JANUARY 6–FEBRUARY 17 Valley Forge Casino Resort. Hosting headline comedians and national musical acts, weekly comedians, karaoke and more. Jan. 6–Feb. 17, Saturdays, Dueling Pianos; Jan. 12, Colin Quinn; Jan. 14, Matthew Fraser, psychic/ medium and author. 1160 1st Ave., King of

Prussia. Visit website for times and tickets. 610354-8118;

and adults should bring a flashlight. 515 Painter Rd., Media. 6 to 7:30 p.m. $20. 610-566-9134; JANUARY 31 The Land Conservancy for Southern Chester County–Once in a Blue Moon Hike. A nocturnal hike that will enhance your sense of smell, touch and hearing. This is a “once in a blue moon” chance to be able to enjoy the 2nd full moon of the month. Bucktoe Creek Preserve, 432 Sharp Rd., Avondale. 7 to 8:30 pm.$5–$10; under 12, free. 610-347-0347;

JANUARY 18 Delaware Art Museum—Concerts on Kentmere and Performance Series. Jan. 18, Concerts on Kentmere, “Musical Journey” celebrates the works and career of John Sloan and features music by Mozart, Gershwin and Hahn, 7:30 pm. Snow date, Jan. 21 at 4 pm. $50. Feb. 8, Performance Series featuring New Orleans-born trumpeter Nicholas Payton, 8 pm. 2301 Kentmere Pkwy., Wilmington. 302571-9590; JANUARY 22 Makin’ Music Rockin’ Rhythms at Villa Maria Academy. Children up to age 4 are invited with a parent or guardian for a morning of fun and music. Villa Maria Academy Gymnasium, 1140 King Rd., Immaculata. 10 am. Free. 610-361-0730;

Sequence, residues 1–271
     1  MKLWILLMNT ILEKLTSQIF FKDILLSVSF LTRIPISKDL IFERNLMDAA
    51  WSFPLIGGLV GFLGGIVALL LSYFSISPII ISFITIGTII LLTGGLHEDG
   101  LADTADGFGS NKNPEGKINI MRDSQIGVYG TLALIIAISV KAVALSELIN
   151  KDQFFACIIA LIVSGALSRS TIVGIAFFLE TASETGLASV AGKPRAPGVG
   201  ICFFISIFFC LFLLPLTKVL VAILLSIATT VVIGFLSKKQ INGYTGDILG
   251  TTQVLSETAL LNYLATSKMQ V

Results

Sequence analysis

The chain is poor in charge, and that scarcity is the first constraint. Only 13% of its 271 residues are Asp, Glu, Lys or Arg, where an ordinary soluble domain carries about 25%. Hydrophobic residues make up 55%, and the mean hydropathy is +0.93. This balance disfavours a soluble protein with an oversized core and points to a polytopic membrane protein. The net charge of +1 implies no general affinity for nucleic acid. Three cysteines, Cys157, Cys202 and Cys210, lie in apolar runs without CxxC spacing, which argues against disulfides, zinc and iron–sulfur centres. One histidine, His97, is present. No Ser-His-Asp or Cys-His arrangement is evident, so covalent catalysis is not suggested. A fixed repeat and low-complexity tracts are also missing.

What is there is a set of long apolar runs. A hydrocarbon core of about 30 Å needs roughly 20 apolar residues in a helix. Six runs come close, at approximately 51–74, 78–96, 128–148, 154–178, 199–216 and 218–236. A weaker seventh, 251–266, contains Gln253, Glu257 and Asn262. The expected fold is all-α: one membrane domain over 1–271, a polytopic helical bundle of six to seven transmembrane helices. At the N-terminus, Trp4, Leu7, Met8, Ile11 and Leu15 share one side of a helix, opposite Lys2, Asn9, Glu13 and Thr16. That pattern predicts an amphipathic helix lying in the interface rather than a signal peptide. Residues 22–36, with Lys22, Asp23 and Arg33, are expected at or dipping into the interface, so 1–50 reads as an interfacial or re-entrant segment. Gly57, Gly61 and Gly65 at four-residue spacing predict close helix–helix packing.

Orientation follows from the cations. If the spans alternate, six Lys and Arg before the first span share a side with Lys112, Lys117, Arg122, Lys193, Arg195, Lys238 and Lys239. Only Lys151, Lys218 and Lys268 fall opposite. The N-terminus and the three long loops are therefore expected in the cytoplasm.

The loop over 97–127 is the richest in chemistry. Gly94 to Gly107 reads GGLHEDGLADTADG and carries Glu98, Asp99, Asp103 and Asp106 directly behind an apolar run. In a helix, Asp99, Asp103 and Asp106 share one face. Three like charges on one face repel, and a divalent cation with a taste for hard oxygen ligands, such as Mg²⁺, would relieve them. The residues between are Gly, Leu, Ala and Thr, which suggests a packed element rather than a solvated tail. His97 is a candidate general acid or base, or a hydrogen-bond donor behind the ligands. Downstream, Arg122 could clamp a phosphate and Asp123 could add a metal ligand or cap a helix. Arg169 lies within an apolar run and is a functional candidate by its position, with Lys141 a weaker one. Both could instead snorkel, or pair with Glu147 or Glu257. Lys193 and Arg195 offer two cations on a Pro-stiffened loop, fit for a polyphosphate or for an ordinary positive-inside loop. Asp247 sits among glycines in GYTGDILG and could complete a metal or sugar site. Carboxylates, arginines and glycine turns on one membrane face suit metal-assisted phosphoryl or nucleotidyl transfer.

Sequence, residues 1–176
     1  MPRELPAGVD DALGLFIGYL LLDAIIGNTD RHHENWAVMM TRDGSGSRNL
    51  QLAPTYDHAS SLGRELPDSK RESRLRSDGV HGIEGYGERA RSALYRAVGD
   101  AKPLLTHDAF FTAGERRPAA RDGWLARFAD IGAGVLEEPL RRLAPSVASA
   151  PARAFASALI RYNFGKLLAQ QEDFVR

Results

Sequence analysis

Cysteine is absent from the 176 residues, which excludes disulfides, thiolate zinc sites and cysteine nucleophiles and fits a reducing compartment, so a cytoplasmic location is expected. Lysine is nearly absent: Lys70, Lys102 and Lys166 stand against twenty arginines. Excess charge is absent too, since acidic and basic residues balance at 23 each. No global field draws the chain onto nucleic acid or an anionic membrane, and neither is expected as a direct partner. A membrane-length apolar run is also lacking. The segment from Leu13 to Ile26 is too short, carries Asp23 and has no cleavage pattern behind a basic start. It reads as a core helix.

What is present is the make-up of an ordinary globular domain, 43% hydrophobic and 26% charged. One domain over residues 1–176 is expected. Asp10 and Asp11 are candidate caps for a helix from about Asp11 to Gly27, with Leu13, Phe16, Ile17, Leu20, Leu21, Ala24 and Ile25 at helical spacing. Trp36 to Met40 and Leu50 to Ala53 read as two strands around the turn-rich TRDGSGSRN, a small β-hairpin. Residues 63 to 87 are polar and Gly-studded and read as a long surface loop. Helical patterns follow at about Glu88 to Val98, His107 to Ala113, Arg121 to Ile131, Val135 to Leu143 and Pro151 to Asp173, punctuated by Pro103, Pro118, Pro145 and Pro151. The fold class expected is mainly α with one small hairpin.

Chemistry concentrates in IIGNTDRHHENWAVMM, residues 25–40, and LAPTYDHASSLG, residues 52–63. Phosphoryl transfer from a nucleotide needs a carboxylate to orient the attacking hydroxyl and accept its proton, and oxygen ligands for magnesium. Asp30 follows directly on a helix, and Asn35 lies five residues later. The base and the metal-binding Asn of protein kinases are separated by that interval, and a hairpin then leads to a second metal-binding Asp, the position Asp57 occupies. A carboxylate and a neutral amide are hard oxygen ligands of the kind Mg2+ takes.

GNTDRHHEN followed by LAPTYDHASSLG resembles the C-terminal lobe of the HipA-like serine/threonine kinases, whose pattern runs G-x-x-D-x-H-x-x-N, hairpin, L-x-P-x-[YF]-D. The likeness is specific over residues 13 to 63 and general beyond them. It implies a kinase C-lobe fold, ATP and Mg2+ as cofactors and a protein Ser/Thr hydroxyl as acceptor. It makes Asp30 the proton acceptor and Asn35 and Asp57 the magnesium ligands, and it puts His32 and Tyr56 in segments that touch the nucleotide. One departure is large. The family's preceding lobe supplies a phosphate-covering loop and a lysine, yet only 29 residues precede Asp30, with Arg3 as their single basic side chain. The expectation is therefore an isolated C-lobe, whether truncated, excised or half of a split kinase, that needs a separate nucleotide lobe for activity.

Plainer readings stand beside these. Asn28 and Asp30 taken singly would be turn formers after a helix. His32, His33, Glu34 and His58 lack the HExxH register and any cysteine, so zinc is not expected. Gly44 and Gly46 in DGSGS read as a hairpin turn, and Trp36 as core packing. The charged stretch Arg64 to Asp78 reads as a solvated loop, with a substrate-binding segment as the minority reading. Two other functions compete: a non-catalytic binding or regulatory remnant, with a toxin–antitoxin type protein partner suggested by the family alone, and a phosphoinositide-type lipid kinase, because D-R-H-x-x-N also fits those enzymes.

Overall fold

OUTDOOR ACTIVITIES.....................

THROUGH JANUARY, Thursdays West Chester Birding Club Field Trip. Founded in 1910, this is one of the oldest continually active bird clubs in the country. The field trip is to Exton Park, in the area formerly known as Church Farm Pond, where surrounding wetlands have been a popular birding spot for years. 800 E. Swedesford Rd., Exton. 8:30 am.

“A feeling of belonging, comfort and caring… that’s The Hickman.”